We have sawmills, a large farm—own a new town, a fine water power on the Mississippi, a good store have large public house good schools and ministers—employ about 60 men 19 oxen and 8 horses average daily expenses 20 pounds of your money. [James Fergus to father, March 8, 1855, Box 11 F. 55, FP, UM. Fergus often wrote a longhand rough draft of his letters in which he was careless with punctuation. At that time one pound equaled about $5.00. For example, on December 5, 1868, Fergus received a receipt from a London bank for $247.50 or fifty pounds as one pound came to $4.95 then. See Box 12 F. 27, FP, UM.]
James explained that provisions had to be freighted up from St. Paul, about 110 miles south on the river; consequently, distance, high freight charges and scarcity drove prices to excess. At that time twenty-two families lived in Little Falls and the partners owned about two thousand acres of land in and near town, most of it undeveloped. [Ibid.]
By the spring of 1855 the mill had not been completed; besides, money could be secured only with difficulty, and then at up to 5 per cent per month, Still, Fergus returned from a St. Anthony visit with a contract for one and a half million board feet of logs. [James Fergus to William Sturgis, March 17, 1855, Box 11 F. 55, FP, UM.]
A year passed, and Tuttle began worrying about lack of profits and excessive bills. He was being forced into mortgaging his Minneapolis property to finance the Little Falls operation. The mills had not been completed and he insisted they must concentrate efforts there and not on less profitable areas like the public house. [C. A. Tuttle to James Fergus, May 5, 1856, Box 10 F. 72, FP, UM.] Fergus ignored this advice, and through the spring of 1856 worked on the road, the upper mill and the dam. Tuttle labored to force a bridge charter through the legislature, simultaneously urging Fergus first to improve the mills, then to promote the store, which would help secure their lands, and third, to encourage farming; Tuttle considered the public house a luxury they could not afford. He also implored Fergus to hire a bookkeeper and keep business affairs in order, for he thought James spent too much time away from the main job—"to watch over the mill." James ignored the suggestion, probably because he wanted to save money and considered himself a competent bookkeeper, possibly because he wanted no one looking over his shoulder. [Ibid., February 24, 1856, Box 10 F. 72, FP, UM. Paradoxically, at about the same time Tuttle implored Fergus to give more attention to the mill, the two formed the town of Cakogun, "situated on Forrest Bay Mille Lace [Lake], Minnesota Territory." Tuttle served as president and Fergus secretary of the speculative venture. Fergus owned fifty shares of stock. Certificate of Stock Ownership, date blurred but in 1850-60 period, Box 14 F. 5, FP, UM. Nothing came of this.]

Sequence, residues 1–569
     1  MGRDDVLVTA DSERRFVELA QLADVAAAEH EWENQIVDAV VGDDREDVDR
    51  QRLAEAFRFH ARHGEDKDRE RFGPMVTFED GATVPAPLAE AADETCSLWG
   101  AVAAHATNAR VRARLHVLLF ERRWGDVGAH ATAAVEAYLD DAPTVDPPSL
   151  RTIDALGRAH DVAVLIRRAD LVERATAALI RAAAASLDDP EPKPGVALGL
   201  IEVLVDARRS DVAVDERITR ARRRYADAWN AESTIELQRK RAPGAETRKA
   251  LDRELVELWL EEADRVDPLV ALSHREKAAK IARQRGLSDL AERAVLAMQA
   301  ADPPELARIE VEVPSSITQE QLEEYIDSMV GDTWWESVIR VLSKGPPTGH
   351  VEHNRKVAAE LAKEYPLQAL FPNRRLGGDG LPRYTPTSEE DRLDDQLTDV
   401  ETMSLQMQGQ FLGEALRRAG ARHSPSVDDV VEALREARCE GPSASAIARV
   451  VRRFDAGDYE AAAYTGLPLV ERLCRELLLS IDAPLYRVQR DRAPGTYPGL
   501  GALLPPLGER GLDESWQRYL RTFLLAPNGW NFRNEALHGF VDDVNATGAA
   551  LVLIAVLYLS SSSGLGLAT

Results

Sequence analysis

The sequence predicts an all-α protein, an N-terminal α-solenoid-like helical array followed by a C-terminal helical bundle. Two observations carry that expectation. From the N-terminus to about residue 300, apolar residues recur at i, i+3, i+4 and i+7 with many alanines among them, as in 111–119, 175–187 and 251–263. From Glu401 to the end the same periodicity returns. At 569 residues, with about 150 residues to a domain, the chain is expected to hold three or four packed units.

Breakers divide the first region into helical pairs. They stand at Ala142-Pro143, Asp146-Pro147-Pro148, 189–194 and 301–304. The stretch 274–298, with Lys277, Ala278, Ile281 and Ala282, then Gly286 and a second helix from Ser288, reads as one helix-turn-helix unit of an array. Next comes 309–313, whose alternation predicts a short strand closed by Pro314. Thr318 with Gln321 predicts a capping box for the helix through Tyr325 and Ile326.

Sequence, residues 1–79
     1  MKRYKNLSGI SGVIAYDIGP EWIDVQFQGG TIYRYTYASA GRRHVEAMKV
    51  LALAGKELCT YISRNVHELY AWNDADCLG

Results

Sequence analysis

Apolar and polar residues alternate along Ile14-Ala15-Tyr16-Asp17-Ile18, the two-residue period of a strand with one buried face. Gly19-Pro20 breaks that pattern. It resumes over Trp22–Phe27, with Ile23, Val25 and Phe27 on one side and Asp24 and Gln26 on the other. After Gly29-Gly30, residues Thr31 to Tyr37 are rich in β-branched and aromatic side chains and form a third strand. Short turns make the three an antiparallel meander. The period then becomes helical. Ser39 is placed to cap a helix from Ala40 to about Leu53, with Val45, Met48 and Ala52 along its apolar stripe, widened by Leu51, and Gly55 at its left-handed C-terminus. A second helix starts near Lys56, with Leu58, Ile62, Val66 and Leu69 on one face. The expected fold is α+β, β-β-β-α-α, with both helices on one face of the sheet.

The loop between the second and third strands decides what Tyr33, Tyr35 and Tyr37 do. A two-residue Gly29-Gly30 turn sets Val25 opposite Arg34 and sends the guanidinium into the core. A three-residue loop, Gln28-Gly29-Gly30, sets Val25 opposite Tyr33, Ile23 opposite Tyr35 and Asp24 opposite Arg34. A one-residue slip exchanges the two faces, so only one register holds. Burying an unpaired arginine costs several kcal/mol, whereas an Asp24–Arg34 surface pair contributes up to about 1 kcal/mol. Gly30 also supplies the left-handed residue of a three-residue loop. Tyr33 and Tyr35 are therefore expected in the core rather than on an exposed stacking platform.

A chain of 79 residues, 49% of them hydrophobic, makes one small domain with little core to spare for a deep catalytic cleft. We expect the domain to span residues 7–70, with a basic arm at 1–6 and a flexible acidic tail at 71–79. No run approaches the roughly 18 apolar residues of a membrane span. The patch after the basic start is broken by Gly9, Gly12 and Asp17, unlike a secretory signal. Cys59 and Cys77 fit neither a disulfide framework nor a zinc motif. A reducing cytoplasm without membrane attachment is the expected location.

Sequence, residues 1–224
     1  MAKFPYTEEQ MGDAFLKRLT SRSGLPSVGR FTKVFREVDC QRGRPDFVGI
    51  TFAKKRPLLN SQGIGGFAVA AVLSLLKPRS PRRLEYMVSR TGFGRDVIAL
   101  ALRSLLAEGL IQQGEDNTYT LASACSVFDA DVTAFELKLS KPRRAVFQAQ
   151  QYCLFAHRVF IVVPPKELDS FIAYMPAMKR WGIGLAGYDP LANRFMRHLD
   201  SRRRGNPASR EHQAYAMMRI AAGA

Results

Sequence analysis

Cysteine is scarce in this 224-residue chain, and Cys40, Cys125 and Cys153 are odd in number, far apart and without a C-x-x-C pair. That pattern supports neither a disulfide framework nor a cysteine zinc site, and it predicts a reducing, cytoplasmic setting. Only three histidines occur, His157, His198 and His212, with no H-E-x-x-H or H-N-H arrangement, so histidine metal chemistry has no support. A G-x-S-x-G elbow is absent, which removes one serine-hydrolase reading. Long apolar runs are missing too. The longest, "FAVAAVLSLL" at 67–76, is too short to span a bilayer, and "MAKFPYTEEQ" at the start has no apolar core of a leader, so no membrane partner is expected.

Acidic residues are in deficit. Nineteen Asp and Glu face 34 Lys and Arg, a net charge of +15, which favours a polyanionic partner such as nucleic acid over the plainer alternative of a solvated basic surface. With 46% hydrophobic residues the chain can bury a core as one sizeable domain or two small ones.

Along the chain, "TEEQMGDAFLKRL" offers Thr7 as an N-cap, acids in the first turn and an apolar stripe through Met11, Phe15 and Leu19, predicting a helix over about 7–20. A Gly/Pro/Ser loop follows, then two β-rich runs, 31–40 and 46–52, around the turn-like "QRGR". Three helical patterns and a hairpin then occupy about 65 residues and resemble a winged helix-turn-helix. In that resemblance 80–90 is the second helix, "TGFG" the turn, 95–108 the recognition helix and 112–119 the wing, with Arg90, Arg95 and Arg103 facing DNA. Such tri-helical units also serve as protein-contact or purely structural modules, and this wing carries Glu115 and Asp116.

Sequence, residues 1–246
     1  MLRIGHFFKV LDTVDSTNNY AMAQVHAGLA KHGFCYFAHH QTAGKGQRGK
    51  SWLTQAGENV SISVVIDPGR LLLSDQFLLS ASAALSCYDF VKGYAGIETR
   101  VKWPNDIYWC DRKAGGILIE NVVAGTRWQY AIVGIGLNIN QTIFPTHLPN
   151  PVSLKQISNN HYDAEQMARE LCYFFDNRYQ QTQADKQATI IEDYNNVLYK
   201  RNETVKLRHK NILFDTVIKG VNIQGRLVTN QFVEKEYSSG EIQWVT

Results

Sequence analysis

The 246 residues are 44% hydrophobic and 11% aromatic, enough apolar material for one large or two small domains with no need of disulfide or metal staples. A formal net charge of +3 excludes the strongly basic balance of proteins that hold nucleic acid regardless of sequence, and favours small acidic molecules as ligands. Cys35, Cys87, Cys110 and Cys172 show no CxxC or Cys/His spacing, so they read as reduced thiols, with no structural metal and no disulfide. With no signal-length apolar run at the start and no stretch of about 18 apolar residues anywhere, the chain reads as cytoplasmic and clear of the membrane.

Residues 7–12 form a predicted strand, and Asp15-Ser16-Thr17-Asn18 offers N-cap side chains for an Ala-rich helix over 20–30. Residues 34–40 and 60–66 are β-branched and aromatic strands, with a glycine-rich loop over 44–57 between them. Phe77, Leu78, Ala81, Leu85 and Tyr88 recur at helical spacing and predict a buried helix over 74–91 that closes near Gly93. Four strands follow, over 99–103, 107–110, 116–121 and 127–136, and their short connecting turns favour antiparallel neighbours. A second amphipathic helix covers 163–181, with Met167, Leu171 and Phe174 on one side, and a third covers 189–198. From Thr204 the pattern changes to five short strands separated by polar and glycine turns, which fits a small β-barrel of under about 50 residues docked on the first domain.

With money scarce, debts piling up and the mill not yet completed, disaster struck the spring of 1856. The Mississippi flooded, carrying off $40,000 worth of logs. Already in debt, the three partners could not recoil from this staggering blow and they were forced to form a joint stock company, which Tuttle later darkly described as the "foundation of most of our troubles." [James Fergus to Dr. E. A. Wood, Sabula, December 25, 1886, Box 11 F. 59, FP, UM. C. A. Tuttle to James Fergus, February 16, 1860, Box 10 F. 72, FP, UM.]
Since the mill operation did not succeed, the company, early in 1857, leased it for five years to a St. Anthony firm which agreed to saw lumber and shingles for the Little Falls Company at reduced prices. [Legal Agreement, January 3, 1857, Box 20 F. 7, FP, UM. They leased the mill to Stuart Seely and Jonathan Dow of St. Anthony.] The three original partners, Sturgis, Fergus and Tuttle now worked for others as well as themselves. Fergus, however, became the company's principal representative in Little Falls "and as such [was] authorized to sell lease and convey the real estate of the Little Falls Manufacturing Company." [James Heal to C. A. Tuttle, April 6, 1857, Box 20 F. 22, FP, UM.]
In addition, the company store in Little Falls floundered during these difficult years. Its manager, O. A. Churchill, also suffered in the early stages of frontier depression. By early January 1857, Fergus began questioning Churchill's business ability; they quarreled, and by that fall Fergus bought the goods of the defunct Churchill and Company, planning to run the store himself. [O. A. Churchill to James Fergus, January 16, 1857, Box 2 F. 12; also Fergus memo of 1857, Box 20 F. 7, FP, UM. Apparently, James planned to operate the store under the name of James Fergus & Co., Box 20 F. 1, FP, UM.]
Tuttle, who remained in Minneapolis and seldom if ever went to Little Falls, became increasingly depressed, and wrote Fergus, "I was never more disappointed in my life than I am in the result of our operations up there." He brooded over company reports, concluding they would have at least $75,000 on hand with $30,000 in profits from trade. That, however, was not the case, much to Tuttle's dismay. [C. A. Tuttle to James Fergus, March 1857, Box 20 F. 31, FP, UM.]